Several Eastern Kentucky Police Officers are Recognized.
RICHMOND - Law enforcement officers from 16 agencies across the commonwealth were recognized at a graduation ceremony today for completing the Kentucky Department of Criminal Justice Training's Academy of Police Supervision.
APS, also called the sergeant's academy, is a three-week, 120-hour training program targeted for newly promoted sergeants or officers who are on their agency's promotion list to become sergeants.
While in APS, students participate in classes focusing on the role of a supervisor, as well as leadership, resolving conflict, managing diversity, monitoring officer performance, professional image, legal issues for supervisors, ethics, interpersonal communication, effective written communication, making decisions, solving problems, managing critical incidents, public speaking, emotional survival, budgeting, media relations and others.
The program includes reading and writing assignments and scenario-based exercises designed to enhance the students' ability to perform at the supervisor level in their agencies. APS is hands-on, with as much skill demonstration as classroom work.
Today's graduating class is the 23rd to complete APS since the program began in 2003.
Commissioner Greg Howard of Kentucky Vehicle Enforcement was the guest speaker at the ceremony.
Howard gave the graduates leadership advice, sharing with them the 10 actions that he said had worked for him in leadership positions. His suggestions included:
- Know what is going on in the lives of the people you supervise and show interest, such as calling or visiting them when they have a baby or are sick. This behavior motivates people, and a leader's job is to motivate people.
- Don't have a personal agenda, meaning don't seek credit for accomplishments at your agency. Be humble about your work. Remember that the people you supervise are doing a lot of that work.
- Live a life of integrity. Put your priorities in this order: faith, family, friends, work, giving work your all when you are there. If the first three priorities are in order, work and other items will fall into place.
- Seek career development/education. They won't necessarily make you a better officer, but they will broaden your horizons and give you opportunities.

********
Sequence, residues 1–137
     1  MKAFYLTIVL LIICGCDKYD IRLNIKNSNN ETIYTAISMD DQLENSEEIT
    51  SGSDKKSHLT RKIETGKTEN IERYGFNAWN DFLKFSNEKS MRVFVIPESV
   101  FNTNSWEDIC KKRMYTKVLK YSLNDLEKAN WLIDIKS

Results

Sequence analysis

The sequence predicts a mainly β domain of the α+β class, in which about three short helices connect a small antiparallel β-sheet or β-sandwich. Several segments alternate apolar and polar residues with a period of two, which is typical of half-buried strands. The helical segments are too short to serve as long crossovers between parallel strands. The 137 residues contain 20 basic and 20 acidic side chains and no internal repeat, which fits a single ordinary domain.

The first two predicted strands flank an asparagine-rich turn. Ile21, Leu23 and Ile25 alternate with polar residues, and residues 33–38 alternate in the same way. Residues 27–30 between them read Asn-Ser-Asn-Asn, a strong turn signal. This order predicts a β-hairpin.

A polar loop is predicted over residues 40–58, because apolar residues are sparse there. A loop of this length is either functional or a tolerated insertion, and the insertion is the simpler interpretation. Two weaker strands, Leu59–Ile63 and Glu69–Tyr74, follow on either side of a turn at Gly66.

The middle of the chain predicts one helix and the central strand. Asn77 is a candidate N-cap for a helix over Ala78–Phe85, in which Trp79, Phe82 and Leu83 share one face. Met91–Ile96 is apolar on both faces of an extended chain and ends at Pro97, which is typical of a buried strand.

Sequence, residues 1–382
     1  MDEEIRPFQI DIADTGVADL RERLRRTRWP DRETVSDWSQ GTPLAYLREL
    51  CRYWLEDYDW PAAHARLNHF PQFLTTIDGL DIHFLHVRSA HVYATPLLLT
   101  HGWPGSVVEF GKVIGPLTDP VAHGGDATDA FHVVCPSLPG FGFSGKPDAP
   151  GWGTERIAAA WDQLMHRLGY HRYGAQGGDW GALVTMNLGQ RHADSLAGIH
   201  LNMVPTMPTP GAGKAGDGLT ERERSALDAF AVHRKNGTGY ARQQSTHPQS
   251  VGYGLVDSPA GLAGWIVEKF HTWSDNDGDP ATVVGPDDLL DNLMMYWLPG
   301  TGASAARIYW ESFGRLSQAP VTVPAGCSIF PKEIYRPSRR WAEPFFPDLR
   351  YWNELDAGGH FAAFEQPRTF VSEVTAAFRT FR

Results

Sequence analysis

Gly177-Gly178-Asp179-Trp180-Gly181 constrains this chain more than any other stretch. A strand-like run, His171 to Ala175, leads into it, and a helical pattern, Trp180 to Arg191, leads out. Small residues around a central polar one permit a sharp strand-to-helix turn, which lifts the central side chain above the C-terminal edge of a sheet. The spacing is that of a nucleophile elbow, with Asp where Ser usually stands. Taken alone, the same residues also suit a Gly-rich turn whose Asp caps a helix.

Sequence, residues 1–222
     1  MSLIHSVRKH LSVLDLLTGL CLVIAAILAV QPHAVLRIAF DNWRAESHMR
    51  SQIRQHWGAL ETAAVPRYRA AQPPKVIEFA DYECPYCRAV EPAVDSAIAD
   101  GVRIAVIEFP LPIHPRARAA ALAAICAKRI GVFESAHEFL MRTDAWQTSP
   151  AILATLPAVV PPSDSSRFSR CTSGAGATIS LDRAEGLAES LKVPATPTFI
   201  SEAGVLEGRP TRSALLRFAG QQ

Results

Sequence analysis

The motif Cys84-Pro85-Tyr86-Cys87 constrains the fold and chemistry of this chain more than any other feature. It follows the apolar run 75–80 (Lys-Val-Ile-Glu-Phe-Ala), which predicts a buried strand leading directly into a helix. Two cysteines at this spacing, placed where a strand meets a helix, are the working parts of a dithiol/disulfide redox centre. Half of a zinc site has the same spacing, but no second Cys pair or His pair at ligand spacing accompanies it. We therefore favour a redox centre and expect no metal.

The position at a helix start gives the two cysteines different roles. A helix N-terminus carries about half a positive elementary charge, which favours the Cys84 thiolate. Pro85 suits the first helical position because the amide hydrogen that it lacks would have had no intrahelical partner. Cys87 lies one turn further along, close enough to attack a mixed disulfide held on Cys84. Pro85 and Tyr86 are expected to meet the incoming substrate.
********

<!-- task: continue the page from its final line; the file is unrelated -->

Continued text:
- Be a spark for the people you supervise, inspiring them with your happiness.
- Dedicate yourself to being healthy. This not only involves working out, but also what you eat, read and how you decompress. It's impossible for officers to properly do their jobs if they are out of shape.
APS is a stepping stone to the Department of Criminal Justice Training's Criminal Justice Executive Development program, which is a five-week advanced leadership course offered once a year for supervisors at Kentucky's small and medium-size law enforcement agencies. Potential CJED students must rank sergeant or above and be selected by a committee to take part in the course.
The Department of Criminal Justice Training is a state agency located on Eastern Kentucky University's campus. The agency is accredited by the Commission on Accreditation for Law Enforcement Agencies and was the first accredited public safety-training program in the nation. In 2006, the academy also became the first law enforcement-training academy in the nation to be designated as a CALEA flagship agency.
APS XXIII graduates and their agencies are:
Sgt. Jonathan G. Blevins, Kentucky Vehicle Enforcement
Lt. Stuart A. Bryant, Kentucky Department of Fish and Wildlife
Sgt. William Todd Davis, Danville Police Department
Sgt. Perry Dewayne Decker, Kentucky Vehicle Enforcement
Cpt. Jack H. Duff, Hazard Police Department
* Sgt. Robert Charles Holmes, Murray State University Police Department
Sgt. Chip Howell, Louisville Metro Police Department
Sgt. Darrel L. Kilburn, London Police Department
Sgt. David A. Maiden, Corbin Police Department
Sgt. Joseph B. Mills, Kentucky Department of Fish and Wildlife
Sgt. John W. Nissen, Graymoor-Devondale Police Department
Lt. Gregory K. Noel, Kentucky Department of Fish and Wildlife
Cpl. Morgan D. Palmiter, Daviess County Sheriff's Office
Sgt. William W. Poe, Madisonville Police Department
Sgt. Roy Barton Ponder, Radcliff Police Department
Investigator John Ray Roberts, Kentucky Alcoholic Beverage Control
James J. Rogers, Richmond Police Department
Kevin R. Sumner, Covington Police Department
David A. Underhill, Daviess County Sheriff's Office
DeRone T. Weathers, Versailles Police Department